Tuesday, February 11, 2014
Ind. Gov't. - Nevada Attorney General stops defending the state's marriage amendment; where does that leave Attorney General Zoeller?
The ILB's first hint came in this Jan. 25th post from Lyle Denniston of SCOTUSblog, which began:
Nevada’s attorney general, who filed a full-scale defense of the state’s ban on same-sex marriage just four days ago, has now said publicly that the arguments she made “are likely no longer tenable” in the U.S. Court of Appeals for the Ninth Circuit. That court is now reviewing a challenge to Nevada’s ban, in the case of Sevcik v. Sandoval (Circuit docket 12-17668).Denniston notes that "In adopting a 'heightened scrutiny' standard for sexual orientation cases, the Ninth Circuit became the second federal appeals court to do so", the Second Circuit was the first.
State Attorney General Catherine Cortez Masto, in a statement released Friday, cited a sweeping new ruling by the Ninth Circuit last Tuesday which concluded that the Supreme Court has put up a higher obstacle to laws that discriminate on the basis of sexual orientation. * * *
The panel decision came in the case of SmithKline Beecham Corp. v. Abbott Laboratories, a civil antitrust dispute between two pharmaceutical companies. The panel ruled that, applying the new standard of review, it is unconstitutional to exclude individuals from serving on juries because of their sexual orientation.
Yesterday evening the announcement came. As Matt Pearce reports today in the LA Times:
[T]he attorney general and governor announced that the state would no longer defend its 2002 ban on same-sex marriage in federal court.BuzzFeed's coverage last evening, by Chris Geidner, reports:
The law had been challenged by an LGBT legal advocacy group, Lambda Legal, which appealed after a federal judge upheld the law in 2012.
"The state's argument cannot withstand legal scrutiny," Catherine Cortez Masto, Nevada's attorney general, said in a motion filed with the U.S. 9th Circuit Court of Appeals in San Francisco, asking to withdraw Nevada's legal argument against same-sex marriage. * * *
"The governor frankly made the only call he could," Lambda Legal Senior Attorney Tara Borelli said in a statement Monday, citing a January ruling by the appeals court that raised the standards the marriage ban would have had to meet in court.
The Nevada ban has yet to be struck down or removed from the books, however, and remains in effect.
“After thoughtful review and analysis, the State has determined that its arguments grounded upon equal protection and due process are no longer sustainable,” Cortez Masto said in Monday’s statement.As the ILB reported on Saturday, Feb. 8th:
In the filing, the state discussed the effect of the Supreme Court ruling in United States v. Windsor striking down part of DOMA on the Nevada case. The state argues that “in all candor it appears that Windsor, viewed through the SmithKline lens, is dispositive” — meaning that the Supreme Court’s decision striking down DOMA, if sexual orientation classifications now receive heightened scrutiny, also means that state amendments like the Nevada marriage amendment are unconstitutional. * * *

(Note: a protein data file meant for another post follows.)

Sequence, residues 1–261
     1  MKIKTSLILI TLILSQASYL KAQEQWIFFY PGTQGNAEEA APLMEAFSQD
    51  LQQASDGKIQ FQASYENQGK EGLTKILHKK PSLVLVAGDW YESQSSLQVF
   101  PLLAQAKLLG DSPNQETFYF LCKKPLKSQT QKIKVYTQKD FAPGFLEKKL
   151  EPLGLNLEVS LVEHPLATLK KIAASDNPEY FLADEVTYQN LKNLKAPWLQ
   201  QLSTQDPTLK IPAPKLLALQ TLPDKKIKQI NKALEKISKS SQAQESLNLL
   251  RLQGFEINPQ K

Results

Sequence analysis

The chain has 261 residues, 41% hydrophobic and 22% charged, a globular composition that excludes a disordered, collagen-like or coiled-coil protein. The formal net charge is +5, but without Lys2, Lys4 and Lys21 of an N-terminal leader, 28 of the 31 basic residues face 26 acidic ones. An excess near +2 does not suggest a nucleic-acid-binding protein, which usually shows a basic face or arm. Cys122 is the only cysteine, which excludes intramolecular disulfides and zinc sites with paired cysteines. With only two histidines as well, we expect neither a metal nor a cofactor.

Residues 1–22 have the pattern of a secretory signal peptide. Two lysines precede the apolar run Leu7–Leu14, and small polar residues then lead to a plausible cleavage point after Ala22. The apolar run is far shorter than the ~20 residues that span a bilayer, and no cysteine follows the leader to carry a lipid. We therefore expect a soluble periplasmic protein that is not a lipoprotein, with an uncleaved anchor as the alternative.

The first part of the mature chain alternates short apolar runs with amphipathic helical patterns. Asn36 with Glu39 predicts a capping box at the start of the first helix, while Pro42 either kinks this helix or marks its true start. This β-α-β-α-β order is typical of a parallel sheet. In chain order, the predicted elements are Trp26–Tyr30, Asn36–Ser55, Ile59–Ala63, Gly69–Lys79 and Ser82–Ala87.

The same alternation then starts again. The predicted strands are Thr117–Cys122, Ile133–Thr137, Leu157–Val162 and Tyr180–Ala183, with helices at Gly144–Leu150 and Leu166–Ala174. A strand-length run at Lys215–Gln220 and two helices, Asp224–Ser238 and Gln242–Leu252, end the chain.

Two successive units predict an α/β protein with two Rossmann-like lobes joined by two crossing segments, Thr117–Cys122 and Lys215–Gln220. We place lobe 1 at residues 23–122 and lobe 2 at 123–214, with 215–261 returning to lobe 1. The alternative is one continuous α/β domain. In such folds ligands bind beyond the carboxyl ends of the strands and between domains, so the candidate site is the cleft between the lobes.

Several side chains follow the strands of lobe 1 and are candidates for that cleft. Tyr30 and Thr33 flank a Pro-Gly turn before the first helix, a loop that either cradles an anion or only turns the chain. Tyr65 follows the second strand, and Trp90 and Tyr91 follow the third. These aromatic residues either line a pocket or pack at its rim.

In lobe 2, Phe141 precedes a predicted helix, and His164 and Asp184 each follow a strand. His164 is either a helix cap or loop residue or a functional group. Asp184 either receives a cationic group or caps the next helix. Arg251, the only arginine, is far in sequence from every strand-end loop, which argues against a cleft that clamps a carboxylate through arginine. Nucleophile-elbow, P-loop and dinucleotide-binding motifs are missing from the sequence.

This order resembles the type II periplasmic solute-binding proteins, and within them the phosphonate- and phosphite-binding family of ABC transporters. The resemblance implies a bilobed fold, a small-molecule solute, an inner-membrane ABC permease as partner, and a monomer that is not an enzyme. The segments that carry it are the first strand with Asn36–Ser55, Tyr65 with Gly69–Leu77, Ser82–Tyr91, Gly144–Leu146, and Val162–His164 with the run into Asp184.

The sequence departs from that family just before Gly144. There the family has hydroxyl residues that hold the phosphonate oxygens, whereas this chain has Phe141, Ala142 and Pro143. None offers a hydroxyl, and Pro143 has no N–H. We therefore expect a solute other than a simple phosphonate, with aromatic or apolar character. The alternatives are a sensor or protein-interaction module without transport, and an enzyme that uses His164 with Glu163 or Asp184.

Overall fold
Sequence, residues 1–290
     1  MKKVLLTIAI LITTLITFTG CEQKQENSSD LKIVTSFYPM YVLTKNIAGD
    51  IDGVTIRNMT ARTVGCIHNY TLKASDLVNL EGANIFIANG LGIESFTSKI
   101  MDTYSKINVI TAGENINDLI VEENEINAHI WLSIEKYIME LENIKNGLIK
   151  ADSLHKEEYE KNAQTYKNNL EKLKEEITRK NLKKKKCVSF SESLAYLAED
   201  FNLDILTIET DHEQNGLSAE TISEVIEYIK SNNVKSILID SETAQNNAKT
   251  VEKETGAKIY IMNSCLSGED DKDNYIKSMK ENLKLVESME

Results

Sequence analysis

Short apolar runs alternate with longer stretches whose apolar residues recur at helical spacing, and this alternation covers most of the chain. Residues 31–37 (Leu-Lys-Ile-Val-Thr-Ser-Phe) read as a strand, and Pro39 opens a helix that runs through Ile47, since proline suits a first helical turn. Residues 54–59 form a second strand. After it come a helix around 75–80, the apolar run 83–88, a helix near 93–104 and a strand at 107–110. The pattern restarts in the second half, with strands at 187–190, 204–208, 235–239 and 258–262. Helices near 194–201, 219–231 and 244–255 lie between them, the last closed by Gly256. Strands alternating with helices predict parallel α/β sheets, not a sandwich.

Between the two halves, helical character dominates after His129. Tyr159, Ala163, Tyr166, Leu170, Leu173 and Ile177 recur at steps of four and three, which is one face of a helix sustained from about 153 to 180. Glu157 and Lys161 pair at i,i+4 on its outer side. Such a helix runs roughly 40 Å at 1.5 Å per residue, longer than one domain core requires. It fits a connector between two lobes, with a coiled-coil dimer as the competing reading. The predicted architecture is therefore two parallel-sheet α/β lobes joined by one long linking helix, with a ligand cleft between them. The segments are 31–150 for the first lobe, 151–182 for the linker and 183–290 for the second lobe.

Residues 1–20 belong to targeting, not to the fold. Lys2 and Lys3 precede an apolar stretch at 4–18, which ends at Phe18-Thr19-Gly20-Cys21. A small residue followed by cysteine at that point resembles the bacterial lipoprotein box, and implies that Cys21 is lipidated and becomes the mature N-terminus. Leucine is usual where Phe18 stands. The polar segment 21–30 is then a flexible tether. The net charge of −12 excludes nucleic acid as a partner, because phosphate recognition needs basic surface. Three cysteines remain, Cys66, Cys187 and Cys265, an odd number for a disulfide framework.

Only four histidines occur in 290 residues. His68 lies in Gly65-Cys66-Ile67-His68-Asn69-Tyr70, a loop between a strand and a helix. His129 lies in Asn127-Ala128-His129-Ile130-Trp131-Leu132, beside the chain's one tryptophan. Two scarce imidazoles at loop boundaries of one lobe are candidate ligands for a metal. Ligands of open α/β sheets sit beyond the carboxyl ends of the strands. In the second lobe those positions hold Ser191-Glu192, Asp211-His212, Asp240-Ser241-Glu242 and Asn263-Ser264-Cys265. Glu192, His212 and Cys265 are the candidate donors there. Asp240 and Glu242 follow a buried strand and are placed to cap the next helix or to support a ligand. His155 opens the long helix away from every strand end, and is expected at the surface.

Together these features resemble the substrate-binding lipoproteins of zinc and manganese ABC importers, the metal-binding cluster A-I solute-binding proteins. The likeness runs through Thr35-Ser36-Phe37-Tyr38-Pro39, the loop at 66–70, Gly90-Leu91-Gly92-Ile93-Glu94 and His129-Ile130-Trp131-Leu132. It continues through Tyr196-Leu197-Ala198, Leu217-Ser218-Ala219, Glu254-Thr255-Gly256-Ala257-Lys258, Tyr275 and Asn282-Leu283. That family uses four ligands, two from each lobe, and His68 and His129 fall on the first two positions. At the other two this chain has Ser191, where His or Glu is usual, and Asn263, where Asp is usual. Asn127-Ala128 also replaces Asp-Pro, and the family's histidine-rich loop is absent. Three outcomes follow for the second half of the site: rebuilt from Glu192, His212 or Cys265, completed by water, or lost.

The status of the Nevada challenge differs from other marriage suits because the plaintiffs here lost at the trial court, so they — and not the state — brought the appeal. As such, their appeal would continue at this point.Buzzfeed links to the Nevada Attorney General's "motion for leave to withdraw brief".
[T]he State of Indiana late last month filed an amicus brief with the 9th Circuit in Beverly Sevcik v. Brian Sandoval, a case involving a challenge to a Nevada prohibition against same-sex marriage.The 49-page brief was submitted Jan. 28, 2014 by Gregory F. Zoeller, 3 days after the SCOTUSblog story that the Nevada Attorney General was reconsidering because of the new standard of review adopted by the Ninth Circuit in SmithKline Beecham. The brief, authored by the State of Indiana, however, summarily dismisses application of that ruling on p. 14, stating:
The State of Indiana is the lead counsel on this brief in support of the Nevada same-sex marriage prohibition. Indiana is joined on the brief by the States of Alabama, Alaska, Arizona, Colorado, Idaho, Montana, Nebraska, Oklahoma, South Carolina, and Utah.
Hence, even by the terms of SmithKline Beecham and Windsor, there is no call to search for illicit motives. More fundamentally, these technical, doctrinal inquiries only confirm what common sense tells us: traditional marriage arises from concern for opposite-sex couples, not same-sex couples.Remember that in this Nevada case, the plaintiffs challenging the Nevada marriage amendment lost in the district court. They are appealing. The State of Nevada has now decided not to defend the amendment.
As the ILB reported last Friday, Feb. 7th, Attorney General Zoeller has also notified the 10th Circuit that the State of Indiana intends to file an amicus brief in the cases involving same-sex marriage appeals from Utah and Oklahoma. The Utah case is Kitchen v. Herbert. The stance is difference in the 10th Circuit from that of Nevada: in Kitchen the trial court judge struck down the Utah prohibition, and in Oklahoma, in Bishop v. Smith, there was a similar result.
[More] Maureen Hayden of CNHI has a survey story this morning headed "Legal landscape rapidly changing on gay marriage bans." However, near the end the story confusingly mixes together facts about Utah and Nevada, cases in different circuits, with, as we've discussed above, different outcomes at the trial level.
Posted by Marcia Oddi on February 11, 2014 08:43 AM
Posted to Indiana Government